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February 19, 2015

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Benefits of Metatarsal Arch Support

In an effort to lead an active, healthy lifestyle it is not uncommon for people to make changes to their activity level or routine then experience the frustration of a painful setback in the physical progress due to metatarsal pain from inappropriate metatarsal arch support. Most metatarsal problems are developed because of the way the weight is being distributed or the mechanical workings of the foot. These problems cause inflammation and pain. The factors that most often contribute to metatarsal pain are:

  • The way feet are shaped:  High arches and having a second toe longer than the first puts more pressure on the metatarsals.
  • Intense training and activity.
  • Excess Weight
  • Bunions
  • Hammertoes
  • Shoes that fit poorly
  • Morton’s Neuroma
  • Stress Fractures

Insoles that provide metatarsal arch support are a great way to treat and prevent metatarsal inflammation and pain.  

Benefits of insoles/orthotics with metatarsal arch support:

  • Reduce pressure on the balls of the feet.
  • Assist in pronation control.
  • Reduce toe pressure.

Our favorite picks for metatarsal arch support:

New Balance 3810

New Balance 3030

Birkenstock BirkoSport

Foot Arch Strengthening Exercises

One of the things you can do to support your foot health in addition to wearing arch support inserts is foot arch strengthening exercises. Here are four to get you started.  View full article →

What type of insole is best for metatarsalgia?

What is metatarsalgia?

Metatarsalgia is a general term for pain in the metatarsal area of the foot, more commonly known as “the ball of the foot.” The metatarsal bones are the ones that connect each toe to the arch of the foot, and when one or more of these joints gets inflamed, the resulting pain is called metatarsalgia.

How is metatarsalgia caused?

One of the main causes of metatarsalgia is increased pressure from improperly fitting footwear. The foot, especially the metatarsals where the foot is widest, needs a lot of room to function at its best and have a wide range of motion. When shoes are too tight and restrictive, the pressure on the joints becomes too much, the joints get inflamed, and then there’s pain. Common culprits are dress shoes, especially high heels.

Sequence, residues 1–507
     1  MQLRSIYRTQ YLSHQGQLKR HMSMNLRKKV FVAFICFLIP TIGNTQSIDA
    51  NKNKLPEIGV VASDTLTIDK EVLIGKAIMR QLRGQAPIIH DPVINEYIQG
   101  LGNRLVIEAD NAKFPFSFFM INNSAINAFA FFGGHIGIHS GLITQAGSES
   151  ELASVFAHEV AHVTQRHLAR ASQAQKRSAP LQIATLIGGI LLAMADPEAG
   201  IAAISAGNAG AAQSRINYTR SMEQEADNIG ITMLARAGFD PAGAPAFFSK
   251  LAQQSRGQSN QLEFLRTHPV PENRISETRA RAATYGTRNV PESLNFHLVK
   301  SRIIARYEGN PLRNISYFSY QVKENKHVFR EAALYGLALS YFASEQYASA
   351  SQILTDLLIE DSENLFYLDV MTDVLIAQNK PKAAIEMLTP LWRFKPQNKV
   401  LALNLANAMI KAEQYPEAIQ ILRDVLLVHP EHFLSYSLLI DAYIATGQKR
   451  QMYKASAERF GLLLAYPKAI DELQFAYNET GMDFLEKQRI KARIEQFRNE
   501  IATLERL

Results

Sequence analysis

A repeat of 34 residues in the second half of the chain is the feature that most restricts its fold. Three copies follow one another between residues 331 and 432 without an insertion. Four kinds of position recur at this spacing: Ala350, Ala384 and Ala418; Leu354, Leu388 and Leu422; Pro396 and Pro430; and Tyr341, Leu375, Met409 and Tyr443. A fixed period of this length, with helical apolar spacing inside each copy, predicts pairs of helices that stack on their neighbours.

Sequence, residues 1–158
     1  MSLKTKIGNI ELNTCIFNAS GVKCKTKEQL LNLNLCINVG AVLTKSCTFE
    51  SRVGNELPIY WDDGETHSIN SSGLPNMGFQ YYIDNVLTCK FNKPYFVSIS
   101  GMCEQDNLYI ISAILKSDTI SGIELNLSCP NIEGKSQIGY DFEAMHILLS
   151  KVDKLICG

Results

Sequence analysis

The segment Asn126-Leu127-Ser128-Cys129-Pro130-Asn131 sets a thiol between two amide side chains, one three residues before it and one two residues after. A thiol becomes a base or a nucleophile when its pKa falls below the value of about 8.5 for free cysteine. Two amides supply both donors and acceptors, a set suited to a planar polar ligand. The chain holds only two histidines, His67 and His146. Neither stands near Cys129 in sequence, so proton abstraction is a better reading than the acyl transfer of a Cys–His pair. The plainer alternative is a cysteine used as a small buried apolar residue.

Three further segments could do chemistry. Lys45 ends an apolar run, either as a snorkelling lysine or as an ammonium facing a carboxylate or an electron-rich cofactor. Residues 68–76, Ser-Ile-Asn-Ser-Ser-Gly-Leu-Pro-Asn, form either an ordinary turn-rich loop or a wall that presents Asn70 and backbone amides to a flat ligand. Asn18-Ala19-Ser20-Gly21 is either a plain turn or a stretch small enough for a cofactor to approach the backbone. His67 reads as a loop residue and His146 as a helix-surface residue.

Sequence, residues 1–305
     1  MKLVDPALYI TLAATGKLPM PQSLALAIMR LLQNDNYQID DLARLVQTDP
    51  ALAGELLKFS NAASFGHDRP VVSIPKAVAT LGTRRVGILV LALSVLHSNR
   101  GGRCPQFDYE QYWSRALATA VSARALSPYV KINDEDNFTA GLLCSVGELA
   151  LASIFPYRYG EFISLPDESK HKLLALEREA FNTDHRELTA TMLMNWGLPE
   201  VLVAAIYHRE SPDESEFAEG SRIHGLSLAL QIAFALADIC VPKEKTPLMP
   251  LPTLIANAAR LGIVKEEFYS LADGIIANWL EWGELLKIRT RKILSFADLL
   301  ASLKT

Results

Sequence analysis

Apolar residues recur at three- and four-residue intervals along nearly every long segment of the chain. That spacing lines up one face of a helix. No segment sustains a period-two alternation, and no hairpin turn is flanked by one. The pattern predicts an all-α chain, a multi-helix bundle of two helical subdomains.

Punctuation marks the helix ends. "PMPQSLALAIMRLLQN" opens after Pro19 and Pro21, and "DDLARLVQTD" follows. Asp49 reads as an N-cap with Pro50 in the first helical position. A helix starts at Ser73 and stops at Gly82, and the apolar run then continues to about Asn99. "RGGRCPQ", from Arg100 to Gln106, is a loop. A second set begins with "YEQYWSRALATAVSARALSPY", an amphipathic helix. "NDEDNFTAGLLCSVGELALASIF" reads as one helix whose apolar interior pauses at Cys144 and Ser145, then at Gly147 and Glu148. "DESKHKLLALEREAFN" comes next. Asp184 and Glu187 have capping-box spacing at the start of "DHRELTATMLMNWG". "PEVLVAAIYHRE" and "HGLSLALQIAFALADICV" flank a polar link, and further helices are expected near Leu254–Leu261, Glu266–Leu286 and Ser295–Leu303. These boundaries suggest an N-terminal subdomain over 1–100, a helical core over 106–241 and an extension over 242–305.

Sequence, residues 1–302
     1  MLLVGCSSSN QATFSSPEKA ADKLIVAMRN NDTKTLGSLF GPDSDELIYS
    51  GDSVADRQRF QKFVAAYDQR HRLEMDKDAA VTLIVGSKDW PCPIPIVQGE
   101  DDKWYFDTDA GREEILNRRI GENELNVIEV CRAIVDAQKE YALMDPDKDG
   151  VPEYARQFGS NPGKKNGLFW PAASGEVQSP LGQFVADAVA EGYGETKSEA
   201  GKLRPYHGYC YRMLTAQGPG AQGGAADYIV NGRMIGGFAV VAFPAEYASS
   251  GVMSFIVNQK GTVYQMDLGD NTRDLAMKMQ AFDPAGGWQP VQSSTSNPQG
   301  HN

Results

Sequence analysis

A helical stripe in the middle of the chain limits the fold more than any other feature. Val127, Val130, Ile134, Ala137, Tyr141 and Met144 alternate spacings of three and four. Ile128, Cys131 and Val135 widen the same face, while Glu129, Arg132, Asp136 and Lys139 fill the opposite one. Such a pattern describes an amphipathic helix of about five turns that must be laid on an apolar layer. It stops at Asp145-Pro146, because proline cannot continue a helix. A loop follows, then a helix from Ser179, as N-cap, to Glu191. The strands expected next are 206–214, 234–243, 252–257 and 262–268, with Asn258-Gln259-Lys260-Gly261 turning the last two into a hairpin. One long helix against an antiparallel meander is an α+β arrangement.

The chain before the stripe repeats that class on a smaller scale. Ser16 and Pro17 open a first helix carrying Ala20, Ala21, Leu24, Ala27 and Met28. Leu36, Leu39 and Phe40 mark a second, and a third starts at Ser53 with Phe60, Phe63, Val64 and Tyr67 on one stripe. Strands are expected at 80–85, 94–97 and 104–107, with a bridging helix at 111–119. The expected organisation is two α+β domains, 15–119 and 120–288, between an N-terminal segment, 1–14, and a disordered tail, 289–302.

If you have pain in the bottom of your foot or in the joints that make up the widest spread of your foot at the base of your toes, you may be suffering from metatarsalgia.

How can metatarsalgia be treated?

The key to treating metatarsalgia is identifying the cause of it. In most cases, footwear triggers metatarsalgia pain, and if this is you, then the shoes you are wearing need to change. Set aside the tight or pain-inducing shoes for a time and wear roomy shoes with a wide toe box to give your feet the room they need to work properly.

Find pain relief with insoles for metatarsalgia

Another way to expedite metatarsalgia relief and to prevent it from cropping up in the future is to wear insoles that feature metatarsal support. Metatarsal support often looks like a “bump” or a raised area that goes long-ways along the center of the insole. This raised support works to redistribute the weight across the ball of the foot, relieving pressure on painful joints and providing balance and relief to the whole metatarsal area.

We are pleased to offer several insoles with metatarsal support, which are some of the best insoles for metatarsalgia pain. Learn more about the condition at our Metatarsalgia Page, and find some of our favorites there as well.

Please note that this article is not intended to replace the role of medical advice or diagnosis, but rather to provide information for you. If you are experiencing significant pain, consult your doctor.

 

What are the best work boot insoles?

There are two main factors to think about when considering insoles for work boots: cushioning, and arch support.  View full article →

What's in a foot?

The anatomy of the foot is not something that most of us spend a lot of time thinking about. They’re just feet, right? It’s maybe not the most typical topic of rumination available, but when you get down to the nitty-gritty, our feet are fascinating. View full article →